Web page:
Getting a Mammogram

 

Finding a facility that is fully accessible with an educated staff can be found through organizations that serve women with disabilities. Physical limitations should not prevent you from having breast screening.

I have had several mammograms. I can understand why this procedure can be intimidating for someone that has mobility issues. Let me reassure you that screening is possible with a disability. I have made a list of tips that I hope will help make breast screening easier for someone in a wheelchair (and encourage you not to miss your annual exam).

When you schedule your appointment, let the staff, radiology technicians, or radiologist know if you can/cannot:

  • Sit upright with or without assistance.
  • Lift and move your arms.
  • Transfer from your chair/scooter.
  • Undress/dress without assistance.

When preparing for your mammogram, remember:

  • Wear a blouse that opens in the front.
  • Wear a bra that you can remove easily.
  • Do not wear deodorant or body powder.

If you have any disability-related concerns, discuss them with your primary care physician, women’s health specialist, radiologist, physician’s assistant or other healthcare professional. They can be a wealth of knowledge and may provide useful tips.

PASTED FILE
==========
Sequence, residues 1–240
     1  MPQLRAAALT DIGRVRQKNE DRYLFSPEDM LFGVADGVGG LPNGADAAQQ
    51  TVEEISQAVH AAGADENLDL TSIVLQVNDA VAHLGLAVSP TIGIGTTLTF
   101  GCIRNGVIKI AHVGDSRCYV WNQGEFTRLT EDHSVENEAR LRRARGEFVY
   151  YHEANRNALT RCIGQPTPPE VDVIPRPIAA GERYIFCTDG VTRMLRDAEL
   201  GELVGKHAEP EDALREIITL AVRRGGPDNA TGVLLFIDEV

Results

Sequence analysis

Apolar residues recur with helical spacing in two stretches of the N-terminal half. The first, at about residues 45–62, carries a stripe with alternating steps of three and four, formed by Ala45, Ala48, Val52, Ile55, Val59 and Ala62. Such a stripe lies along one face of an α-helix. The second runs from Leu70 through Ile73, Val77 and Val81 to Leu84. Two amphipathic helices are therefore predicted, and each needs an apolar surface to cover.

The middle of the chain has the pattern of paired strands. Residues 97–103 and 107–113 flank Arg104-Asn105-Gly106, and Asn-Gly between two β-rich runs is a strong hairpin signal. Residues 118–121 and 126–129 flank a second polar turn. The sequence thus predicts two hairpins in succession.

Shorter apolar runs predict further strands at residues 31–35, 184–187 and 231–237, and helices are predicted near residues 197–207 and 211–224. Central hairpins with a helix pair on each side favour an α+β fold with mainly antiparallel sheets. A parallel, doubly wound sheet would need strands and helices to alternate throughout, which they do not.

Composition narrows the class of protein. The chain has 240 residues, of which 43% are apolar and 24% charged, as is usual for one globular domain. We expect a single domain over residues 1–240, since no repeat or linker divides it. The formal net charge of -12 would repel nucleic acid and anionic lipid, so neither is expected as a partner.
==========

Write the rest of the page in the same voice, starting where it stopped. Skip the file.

For some disabled women, doing these things can be very difficult. Mammograms can be taken while seated in your wheelchair. However, you need enough upper body balance to allow the breast to be put on the plate. Also, some wheelchairs can’t get close to the machine, particularly if the footplates or armrests can’t be removed. If you have concerns about the mammogram machine accommodating your wheelchair you may request a visit to the clinic to see firsthand what obstacles there may be. Together, you and staff can problem solve for your screening day.

If you have issues with torso balance, or spasticity, consider these tips to help with the procedure:

  • Velcro fasteners can help immobilize limbs or torso long enough to get a good image.
  • Request two technicians to help with positioning. You can request this prior your procedure.
  • Take a family member or caregiver with you for additional support.

None of this is glamorous. Despite the challenges, mammograms are well worth your time and effort. Don’t let your physical limitations keep you from having your annual mammogram.

Stay healthy,

 Leslie

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